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Prototype
Green Belt
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Joined: 15 Dec 2016
Posts: 367


PostPosted: Mon Jun 18, 2018 1:22 am    Post subject: What belt level is this kick delivery in your opinion? Reply with quote

https://www.youtube.com/watch?v=bbiG8eLgpm0
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OneKickWonder
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Joined: 17 Feb 2018
Posts: 513

Styles: Tang soo do

PostPosted: Mon Jun 18, 2018 1:56 am    Post subject: Reply with quote

I'd say whatever your instructor thinks, having seen in in context, after a minimum of an hour's worth of constant action as found in a grading, where he can see how it fits with other techniques and when fatigued.
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Prototype
Green Belt
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Joined: 15 Dec 2016
Posts: 367


PostPosted: Mon Jun 18, 2018 2:00 am    Post subject: Reply with quote

OneKickWonder wrote:
I'd say whatever your instructor thinks, having seen in in context, after a minimum of an hour's worth of constant action as found in a grading, where he can see how it fits with other techniques and when fatigued.



I don't train anymore. What level is this at your club? By that I mean relative to students who throw head kicks, what belt level would this be at?
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OneKickWonder
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Joined: 17 Feb 2018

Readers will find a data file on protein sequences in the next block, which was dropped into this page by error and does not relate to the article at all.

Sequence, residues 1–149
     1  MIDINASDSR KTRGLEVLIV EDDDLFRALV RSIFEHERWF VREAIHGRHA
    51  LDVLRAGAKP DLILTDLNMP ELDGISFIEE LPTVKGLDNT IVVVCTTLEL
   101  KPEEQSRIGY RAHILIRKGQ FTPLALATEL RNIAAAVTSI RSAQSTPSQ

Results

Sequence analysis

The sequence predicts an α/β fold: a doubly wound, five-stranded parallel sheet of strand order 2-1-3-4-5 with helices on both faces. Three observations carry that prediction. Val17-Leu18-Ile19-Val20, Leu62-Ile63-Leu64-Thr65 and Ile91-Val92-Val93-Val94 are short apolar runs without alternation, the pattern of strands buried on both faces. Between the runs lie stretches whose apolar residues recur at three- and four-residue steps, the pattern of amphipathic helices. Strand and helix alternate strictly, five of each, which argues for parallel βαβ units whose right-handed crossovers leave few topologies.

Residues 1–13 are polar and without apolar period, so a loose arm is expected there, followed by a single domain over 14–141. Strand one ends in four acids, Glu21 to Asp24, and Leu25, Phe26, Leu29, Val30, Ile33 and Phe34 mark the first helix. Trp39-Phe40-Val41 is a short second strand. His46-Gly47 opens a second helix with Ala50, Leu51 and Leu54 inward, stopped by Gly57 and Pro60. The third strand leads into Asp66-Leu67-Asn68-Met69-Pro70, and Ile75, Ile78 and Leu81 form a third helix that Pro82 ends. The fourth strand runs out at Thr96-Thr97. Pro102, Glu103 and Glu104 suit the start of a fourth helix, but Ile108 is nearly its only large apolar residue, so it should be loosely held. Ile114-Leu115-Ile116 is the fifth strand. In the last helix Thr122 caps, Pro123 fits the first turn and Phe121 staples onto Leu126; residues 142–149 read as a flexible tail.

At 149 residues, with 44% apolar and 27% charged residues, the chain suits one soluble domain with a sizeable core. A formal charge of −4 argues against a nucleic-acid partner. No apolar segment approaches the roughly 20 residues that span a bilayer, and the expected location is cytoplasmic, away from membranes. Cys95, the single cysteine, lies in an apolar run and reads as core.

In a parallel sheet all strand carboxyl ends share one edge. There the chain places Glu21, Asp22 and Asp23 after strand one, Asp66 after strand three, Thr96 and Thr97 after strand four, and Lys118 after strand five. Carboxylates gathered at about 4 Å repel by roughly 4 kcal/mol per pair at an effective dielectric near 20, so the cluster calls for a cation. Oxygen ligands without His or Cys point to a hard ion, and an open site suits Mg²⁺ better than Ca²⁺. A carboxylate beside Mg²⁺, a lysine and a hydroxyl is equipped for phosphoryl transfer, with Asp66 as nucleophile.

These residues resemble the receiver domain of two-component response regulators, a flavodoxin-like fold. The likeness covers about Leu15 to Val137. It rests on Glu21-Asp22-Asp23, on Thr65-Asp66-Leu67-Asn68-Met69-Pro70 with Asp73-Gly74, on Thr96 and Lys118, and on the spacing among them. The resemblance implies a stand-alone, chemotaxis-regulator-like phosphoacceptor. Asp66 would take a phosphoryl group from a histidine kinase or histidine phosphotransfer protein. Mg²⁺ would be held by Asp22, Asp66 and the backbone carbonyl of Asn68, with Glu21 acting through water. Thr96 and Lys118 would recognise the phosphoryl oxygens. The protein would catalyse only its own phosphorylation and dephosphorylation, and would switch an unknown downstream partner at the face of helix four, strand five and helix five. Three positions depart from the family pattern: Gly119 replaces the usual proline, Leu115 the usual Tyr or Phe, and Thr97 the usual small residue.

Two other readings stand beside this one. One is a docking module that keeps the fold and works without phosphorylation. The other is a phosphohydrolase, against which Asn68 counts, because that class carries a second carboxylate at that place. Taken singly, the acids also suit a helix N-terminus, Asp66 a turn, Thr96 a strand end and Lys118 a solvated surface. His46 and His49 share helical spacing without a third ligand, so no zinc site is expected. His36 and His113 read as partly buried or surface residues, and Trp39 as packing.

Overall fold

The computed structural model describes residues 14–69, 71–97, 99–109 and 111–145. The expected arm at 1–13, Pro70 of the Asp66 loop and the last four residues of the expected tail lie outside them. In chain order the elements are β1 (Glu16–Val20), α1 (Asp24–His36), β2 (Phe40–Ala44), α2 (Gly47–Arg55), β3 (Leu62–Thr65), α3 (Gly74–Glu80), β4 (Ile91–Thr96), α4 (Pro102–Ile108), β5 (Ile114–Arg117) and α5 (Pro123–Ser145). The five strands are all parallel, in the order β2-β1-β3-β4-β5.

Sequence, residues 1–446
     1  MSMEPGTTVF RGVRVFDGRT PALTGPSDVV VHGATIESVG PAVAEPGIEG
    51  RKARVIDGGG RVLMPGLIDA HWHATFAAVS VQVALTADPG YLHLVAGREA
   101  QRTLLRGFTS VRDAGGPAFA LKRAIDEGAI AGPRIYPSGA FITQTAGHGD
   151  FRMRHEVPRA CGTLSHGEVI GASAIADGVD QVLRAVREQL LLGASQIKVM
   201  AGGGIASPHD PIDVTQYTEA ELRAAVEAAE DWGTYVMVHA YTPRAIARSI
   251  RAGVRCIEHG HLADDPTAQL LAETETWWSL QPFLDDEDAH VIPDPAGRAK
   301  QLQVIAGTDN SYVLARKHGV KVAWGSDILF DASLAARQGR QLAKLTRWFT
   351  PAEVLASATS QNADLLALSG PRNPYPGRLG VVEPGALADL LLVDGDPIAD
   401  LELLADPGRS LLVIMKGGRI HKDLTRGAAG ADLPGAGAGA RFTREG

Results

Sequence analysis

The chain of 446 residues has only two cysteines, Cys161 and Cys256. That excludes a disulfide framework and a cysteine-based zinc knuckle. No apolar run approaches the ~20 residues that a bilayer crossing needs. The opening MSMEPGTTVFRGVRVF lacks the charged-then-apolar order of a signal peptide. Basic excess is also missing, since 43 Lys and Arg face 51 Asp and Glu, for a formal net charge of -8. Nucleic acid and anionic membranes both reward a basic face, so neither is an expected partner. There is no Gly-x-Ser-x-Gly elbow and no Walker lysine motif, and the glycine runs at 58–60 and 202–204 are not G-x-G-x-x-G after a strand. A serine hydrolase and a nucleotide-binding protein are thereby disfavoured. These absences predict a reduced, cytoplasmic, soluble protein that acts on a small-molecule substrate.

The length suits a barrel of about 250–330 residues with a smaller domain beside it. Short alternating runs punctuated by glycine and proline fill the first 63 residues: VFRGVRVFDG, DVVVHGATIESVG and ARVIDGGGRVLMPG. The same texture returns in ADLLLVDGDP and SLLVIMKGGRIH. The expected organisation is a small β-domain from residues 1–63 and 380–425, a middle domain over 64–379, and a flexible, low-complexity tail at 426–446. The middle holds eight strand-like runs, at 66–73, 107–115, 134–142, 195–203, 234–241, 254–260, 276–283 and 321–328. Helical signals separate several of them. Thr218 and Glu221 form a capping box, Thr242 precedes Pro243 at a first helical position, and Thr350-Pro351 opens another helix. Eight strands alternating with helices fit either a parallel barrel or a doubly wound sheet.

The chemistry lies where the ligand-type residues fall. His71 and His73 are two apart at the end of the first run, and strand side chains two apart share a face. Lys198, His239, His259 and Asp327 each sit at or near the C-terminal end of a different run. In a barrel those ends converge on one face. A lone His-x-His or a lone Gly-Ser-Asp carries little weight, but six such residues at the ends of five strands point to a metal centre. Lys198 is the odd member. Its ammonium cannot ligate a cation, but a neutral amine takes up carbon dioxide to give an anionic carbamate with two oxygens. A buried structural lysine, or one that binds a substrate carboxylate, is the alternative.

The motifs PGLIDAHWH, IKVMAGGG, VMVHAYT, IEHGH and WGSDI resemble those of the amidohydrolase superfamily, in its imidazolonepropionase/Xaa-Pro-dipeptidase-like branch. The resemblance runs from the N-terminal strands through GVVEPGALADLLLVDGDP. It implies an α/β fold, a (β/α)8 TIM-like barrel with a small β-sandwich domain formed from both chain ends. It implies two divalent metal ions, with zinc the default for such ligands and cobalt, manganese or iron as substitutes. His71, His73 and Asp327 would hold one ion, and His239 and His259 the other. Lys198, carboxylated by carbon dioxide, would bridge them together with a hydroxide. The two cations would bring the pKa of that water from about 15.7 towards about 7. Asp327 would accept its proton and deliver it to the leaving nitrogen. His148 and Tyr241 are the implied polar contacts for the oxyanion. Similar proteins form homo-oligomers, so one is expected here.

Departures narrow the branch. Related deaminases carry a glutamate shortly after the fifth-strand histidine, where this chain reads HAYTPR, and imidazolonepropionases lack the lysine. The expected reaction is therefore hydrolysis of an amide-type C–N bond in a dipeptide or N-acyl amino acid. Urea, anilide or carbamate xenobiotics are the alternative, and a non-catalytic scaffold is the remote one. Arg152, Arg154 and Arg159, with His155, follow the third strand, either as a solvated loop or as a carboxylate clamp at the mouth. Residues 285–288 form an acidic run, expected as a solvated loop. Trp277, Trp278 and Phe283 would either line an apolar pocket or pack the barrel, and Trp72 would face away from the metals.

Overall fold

Posts: 513

Styles: Tang soo do

PostPosted: Mon Jun 18, 2018 5:07 am    Post subject: Reply with quote

I think the key point here is that there is no such thing as a grade for one kick. At least not that I've ever heard of.

Your grade represents what your instructors think of your general martial development. It's so much more than technique. It is attitude, spirit, physical ability and so much more. Techniques are just a training tool.
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shortyafter
Orange Belt
Orange Belt

Joined: 17 Nov 2016
Posts: 169

Styles: Kyokushinkai, Shotokan

PostPosted: Mon Jun 18, 2018 5:27 am    Post subject: Reply with quote

OneKickWonder wrote:
I think the key point here is that there is no such thing as a grade for one kick. At least not that I've ever heard of.

Your grade represents what your instructors think of your general martial development. It's so much more than technique. It is attitude, spirit, physical ability and so much more. Techniques are just a training tool.

Just wanted to give a big +1 to this post. Spot on.
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Kusotare
Purple Belt
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Joined: 02 Feb 2013
Posts: 574

Styles: Traditional Japanese Karate, Koryu Bujutsu (Jujutsu, Iaido and Kenjutsu)

PostPosted: Mon Jun 18, 2018 8:22 am    Post subject: Reply with quote

The clip is very short and fast, but from what I can see, technically the kick needs some work IMO.

Regardless of height, there is something unstable about the kick.

If I freeze frame it just after the kicks lands - your chest is pointing towards the floor.

Combatively, this is not a good position to be in, but also it suggests the timing and core muscle rotation is out of alignment.

As a rule of thumb, I teach my students to look over the front of their lead shoulder as they kick (mae-geri, mawashi-geri and yoko-geri), not the their back, which is what you are doing.

Keep training though, it will come.

K.
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Prototype
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Joined: 15 Dec 2016
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PostPosted: Mon Jun 18, 2018 8:44 am    Post subject: Reply with quote

Kusotare wrote:
The clip is very short and fast, but from what I can see, technically the kick needs some work IMO.

Regardless of height, there is something unstable about the kick.